What are inclusive learning environments, anyway? Putting a definition on this complex concept is deceptively tricky. Environments aren’t just spaces that we exist in; they also encompass the culture in that space. Here’s how I define it:
An inclusive environment is a place where I can see myself, where I’m represented as a human being—and as a learner. It’s a space that feels as if it were designed specifically for me, where I know my voice will be heard and respected.
The pandemic exacerbated inequities in education, but it also put a spotlight on them. Instead of returning to the “normal,” pre-pandemic version of school, I propose that school, district, and classroom leaders take this opportunity to shape a new system—one that’s effective for every student.
To create inclusive learning environments, educators can leverage the principles of Universal Design for Learning (UDL).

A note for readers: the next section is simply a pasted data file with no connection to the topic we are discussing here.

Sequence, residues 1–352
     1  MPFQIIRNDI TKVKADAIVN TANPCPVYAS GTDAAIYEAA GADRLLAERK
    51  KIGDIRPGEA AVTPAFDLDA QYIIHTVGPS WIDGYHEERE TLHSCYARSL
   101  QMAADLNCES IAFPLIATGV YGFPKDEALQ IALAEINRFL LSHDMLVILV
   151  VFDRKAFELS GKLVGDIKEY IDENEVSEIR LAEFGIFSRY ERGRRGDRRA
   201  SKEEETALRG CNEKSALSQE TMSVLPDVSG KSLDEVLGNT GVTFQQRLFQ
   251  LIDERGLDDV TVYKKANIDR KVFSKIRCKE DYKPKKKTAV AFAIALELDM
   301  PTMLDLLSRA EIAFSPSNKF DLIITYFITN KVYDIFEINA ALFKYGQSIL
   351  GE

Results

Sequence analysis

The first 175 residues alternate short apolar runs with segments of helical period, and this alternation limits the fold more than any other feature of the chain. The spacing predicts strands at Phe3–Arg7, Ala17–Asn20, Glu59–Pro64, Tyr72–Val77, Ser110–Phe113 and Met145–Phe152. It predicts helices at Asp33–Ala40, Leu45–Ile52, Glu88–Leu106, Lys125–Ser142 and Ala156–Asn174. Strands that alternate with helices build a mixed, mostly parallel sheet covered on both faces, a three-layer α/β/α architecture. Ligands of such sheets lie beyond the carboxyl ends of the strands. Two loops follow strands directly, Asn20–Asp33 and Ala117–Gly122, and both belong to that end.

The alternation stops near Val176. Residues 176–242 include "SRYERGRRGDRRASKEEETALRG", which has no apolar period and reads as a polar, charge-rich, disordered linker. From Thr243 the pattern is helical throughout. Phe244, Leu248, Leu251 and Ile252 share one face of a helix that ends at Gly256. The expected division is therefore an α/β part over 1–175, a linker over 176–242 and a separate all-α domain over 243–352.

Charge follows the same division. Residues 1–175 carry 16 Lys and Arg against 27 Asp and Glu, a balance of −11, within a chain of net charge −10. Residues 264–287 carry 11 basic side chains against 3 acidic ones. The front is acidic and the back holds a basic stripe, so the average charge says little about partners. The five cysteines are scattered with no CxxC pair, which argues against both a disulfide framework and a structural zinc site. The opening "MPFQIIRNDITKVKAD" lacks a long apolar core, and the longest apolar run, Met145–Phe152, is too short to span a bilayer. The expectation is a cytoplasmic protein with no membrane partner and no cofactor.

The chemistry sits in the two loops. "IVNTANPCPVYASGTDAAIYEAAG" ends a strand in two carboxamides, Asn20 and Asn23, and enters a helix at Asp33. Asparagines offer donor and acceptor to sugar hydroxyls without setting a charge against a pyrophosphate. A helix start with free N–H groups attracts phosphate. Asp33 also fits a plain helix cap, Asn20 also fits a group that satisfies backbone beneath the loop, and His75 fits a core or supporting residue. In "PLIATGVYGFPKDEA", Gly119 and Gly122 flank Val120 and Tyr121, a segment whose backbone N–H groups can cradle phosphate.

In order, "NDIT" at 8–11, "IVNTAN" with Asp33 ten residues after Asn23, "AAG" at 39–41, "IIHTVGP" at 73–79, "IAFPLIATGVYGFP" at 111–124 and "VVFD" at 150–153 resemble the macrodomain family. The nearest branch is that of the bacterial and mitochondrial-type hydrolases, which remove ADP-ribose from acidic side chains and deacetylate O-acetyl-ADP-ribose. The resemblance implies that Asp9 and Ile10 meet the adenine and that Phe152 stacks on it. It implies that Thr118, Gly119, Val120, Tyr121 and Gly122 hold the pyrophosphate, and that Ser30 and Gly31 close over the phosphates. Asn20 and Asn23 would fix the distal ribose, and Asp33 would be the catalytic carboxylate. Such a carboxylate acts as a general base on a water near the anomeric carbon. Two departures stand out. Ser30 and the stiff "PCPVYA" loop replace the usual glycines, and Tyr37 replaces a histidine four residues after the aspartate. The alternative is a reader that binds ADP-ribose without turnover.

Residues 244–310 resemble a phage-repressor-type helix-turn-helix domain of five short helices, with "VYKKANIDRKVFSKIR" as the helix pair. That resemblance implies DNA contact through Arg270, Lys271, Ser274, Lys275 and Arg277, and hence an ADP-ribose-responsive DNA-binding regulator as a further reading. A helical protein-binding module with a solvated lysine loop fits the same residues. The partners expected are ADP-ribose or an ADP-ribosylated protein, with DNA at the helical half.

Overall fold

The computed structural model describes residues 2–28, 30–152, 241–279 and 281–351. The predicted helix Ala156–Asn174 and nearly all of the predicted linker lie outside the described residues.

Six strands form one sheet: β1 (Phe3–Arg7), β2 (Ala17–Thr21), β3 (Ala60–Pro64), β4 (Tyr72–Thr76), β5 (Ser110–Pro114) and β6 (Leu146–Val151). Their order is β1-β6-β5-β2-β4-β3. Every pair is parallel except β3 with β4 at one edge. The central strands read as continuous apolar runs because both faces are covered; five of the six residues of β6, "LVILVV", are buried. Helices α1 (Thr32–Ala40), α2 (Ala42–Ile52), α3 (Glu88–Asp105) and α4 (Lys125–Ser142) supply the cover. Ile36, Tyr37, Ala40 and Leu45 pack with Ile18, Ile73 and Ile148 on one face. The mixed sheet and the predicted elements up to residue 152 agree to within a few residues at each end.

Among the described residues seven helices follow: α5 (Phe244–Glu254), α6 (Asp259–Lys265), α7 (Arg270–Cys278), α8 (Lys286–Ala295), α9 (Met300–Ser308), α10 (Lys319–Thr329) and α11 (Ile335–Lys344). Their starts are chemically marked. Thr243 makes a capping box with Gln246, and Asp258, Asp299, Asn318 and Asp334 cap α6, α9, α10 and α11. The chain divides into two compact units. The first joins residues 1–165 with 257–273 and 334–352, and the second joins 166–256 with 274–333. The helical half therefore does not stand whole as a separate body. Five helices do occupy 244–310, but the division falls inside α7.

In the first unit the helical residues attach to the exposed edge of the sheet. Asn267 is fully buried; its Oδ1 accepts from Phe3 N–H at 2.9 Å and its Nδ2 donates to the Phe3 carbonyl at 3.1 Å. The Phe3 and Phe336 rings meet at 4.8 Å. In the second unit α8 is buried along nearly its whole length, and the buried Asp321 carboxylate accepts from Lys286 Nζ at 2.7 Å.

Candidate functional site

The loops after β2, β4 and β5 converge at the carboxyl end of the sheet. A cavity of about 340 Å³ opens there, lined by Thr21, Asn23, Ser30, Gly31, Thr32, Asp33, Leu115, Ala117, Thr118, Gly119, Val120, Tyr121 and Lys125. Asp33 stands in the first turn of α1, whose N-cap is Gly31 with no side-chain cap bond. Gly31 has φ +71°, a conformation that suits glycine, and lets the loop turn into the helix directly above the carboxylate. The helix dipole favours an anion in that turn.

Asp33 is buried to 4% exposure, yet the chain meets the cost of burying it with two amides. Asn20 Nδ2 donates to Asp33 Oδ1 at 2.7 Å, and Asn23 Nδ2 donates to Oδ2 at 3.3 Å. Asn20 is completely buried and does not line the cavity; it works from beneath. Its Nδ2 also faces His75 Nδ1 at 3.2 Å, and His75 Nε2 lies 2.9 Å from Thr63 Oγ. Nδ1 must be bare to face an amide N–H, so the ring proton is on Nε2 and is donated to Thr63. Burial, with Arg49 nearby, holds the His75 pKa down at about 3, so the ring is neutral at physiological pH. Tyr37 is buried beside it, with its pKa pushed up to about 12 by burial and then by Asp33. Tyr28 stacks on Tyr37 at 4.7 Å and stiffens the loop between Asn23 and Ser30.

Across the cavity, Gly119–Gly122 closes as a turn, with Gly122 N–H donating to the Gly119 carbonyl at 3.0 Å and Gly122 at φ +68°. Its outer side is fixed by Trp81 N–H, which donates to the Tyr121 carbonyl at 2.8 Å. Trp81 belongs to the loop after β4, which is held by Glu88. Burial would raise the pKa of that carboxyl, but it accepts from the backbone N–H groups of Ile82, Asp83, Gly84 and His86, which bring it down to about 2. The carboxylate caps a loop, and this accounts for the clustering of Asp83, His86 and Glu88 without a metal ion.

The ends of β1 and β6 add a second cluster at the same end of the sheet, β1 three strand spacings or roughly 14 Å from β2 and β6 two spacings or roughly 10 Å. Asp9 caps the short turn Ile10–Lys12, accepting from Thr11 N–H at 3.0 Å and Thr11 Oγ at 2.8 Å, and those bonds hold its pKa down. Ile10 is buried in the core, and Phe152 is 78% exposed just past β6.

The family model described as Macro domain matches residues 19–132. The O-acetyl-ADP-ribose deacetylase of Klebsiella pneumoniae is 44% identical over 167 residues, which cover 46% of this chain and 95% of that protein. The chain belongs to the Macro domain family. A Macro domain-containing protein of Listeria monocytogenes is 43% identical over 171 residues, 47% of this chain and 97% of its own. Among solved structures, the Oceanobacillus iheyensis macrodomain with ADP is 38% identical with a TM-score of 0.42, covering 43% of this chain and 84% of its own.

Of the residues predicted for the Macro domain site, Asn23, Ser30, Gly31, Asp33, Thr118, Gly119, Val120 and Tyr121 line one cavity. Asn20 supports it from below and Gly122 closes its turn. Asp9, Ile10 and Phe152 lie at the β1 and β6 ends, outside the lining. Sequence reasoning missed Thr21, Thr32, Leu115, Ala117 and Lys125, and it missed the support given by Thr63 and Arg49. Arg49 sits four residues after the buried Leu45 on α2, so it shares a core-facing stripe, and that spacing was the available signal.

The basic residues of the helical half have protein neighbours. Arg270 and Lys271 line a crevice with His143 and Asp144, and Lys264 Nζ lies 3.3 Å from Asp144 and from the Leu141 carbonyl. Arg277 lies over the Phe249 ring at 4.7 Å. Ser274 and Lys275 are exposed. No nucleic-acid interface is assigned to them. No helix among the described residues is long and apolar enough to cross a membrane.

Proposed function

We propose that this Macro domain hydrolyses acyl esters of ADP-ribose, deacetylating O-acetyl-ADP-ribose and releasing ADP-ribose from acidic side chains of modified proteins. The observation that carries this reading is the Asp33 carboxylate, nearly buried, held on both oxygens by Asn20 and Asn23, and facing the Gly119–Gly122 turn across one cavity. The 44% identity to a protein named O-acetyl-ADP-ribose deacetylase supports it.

What is Universal Design for Learning?
UDL is not another program that teachers have to shoehorn into their already-crammed day–rather, it is a process and framework to help educators ensure they are reaching all learners. Think of UDL as an operating system, of sorts, for your classroom, school, or district. The goal of this system is deceptively simple: make education work for as many students as possible.
Applying UDL in the classroom
To effectively use the UDL framework, educators musttake time to self-reflect, consider what barriers exist, and what changes can be made to remove them.
This can be as simple as letting students choose from a variety of formats for lessons and assignments so that each can learn new content and show what they know in optimal ways. For example, learners could have the option to write an essay or choose to present it orally. Students could decide whether they’d like to read that day’s material from the textbook, or view a video summarizing the content.